Participants arrive for the opening session of the 15th International Energy Forum in Algiers, September 27, 2016. (Photo by AFP)
has hailed a recent decision by the Organization of the Petroleum Exporting Countries (OPEC) to cut oil output.
Russian Energy Minister Alexander Novak said on Thursday that the recent deal reached by the OPEC countries on curbing oil production was “positive.”
The Russian minister also expressed Moscow’s willingness to continue consultations with OPEC members.
He added that Russia intends to keep its oil production at current levels, while reiterating that Moscow would like to see prices climb to between 50 and 60 dollars a barrel.
“The prices that we announced earlier within the margins of 50-60 dollars are comfortable prices that could satisfy the interests of producers and the interests of consuming countries at the same time. In my opinion, it could be the most stable variant for today.”
OPEC members agreed in an informal meeting in Algeria on Wednesday to limit production in an effort to raise the low crude prices. They decided to cut production by 750,000 barrels a day.
Iran, however, has been exempted from the decision because of its exceptional situation of having been under sanctions for a number of years.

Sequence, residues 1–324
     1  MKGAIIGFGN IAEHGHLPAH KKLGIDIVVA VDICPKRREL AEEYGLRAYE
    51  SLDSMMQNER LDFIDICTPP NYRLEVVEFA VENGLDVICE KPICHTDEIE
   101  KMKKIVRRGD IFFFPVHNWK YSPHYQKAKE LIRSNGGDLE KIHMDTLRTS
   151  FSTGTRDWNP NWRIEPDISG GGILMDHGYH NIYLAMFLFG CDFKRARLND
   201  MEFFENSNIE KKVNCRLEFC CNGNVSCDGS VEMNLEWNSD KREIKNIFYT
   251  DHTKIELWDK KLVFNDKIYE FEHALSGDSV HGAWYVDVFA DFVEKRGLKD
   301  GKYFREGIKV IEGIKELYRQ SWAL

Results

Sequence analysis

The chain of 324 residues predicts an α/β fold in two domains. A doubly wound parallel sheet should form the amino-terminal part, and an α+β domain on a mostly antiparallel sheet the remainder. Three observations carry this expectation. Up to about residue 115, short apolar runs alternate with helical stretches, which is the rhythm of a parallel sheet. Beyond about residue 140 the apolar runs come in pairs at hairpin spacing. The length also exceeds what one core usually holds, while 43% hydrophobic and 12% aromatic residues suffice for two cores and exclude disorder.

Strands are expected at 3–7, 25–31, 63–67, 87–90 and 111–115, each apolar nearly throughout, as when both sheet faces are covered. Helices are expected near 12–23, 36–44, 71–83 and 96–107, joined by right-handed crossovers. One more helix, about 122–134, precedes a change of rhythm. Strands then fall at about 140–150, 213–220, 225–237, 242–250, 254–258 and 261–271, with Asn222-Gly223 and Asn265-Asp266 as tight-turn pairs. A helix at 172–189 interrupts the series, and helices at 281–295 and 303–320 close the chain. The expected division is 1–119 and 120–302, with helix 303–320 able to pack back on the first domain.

Since the removal of nuclear-related sanctions targeting its oil industry in February, Iran — which is OPEC’s third largest producer after Saudi Arabia and Iraq — has been boosting production in order to reach previous levels and has rejected calls on the country to freeze production as unfair.
The OPEC is yet to decide how much each country will produce in its next meeting in Vienna in November.
Other non-OPEC producers including Russia will also be invited to join the deal.
Russian Energy Minister Alexander Novak (C) arrives for an OPEC meeting in the Qatari capital, Doha, April 17, 2016. (Photo by AFP)
Venezuela expects Russia to join in.
Meanwhile, Venezuelan President Nicolas Maduro said on Thursday that he expected Russia to support OPEC’s efforts to boost oil prices by reducing crude output.
“This agreement should be consolidated in the coming days,” Maduro said in comments broadcast on state television, adding, “I am very optimistic that major non-OPEC producing countries, such as the Russian Federation, will also take part in this joint effort of OPEC countries.”
‘OPEC not dead’
Iran’s Minister of Petroleum Bijan Zangeneh said on Thursday the agreement demonstrates that the organization is still “alive.”
Referring to the deal, he said, “The fact that, in spite of differences within OPEC, this decision was made was a success for OPEC, and the decision showed that… OPEC is alive and can decide in the interest of its members at critical times.”
Iran, whose production has reached 3.6 million barrels per day, insists on having the right to increase the figure up to around 4.1-4.2 million bpd.
Zangeneh said many countries had wanted Iran to freeze its production or even decrease it ever since a previous OPEC summit in February, but that Iran’s insistence counteracted such inclinations.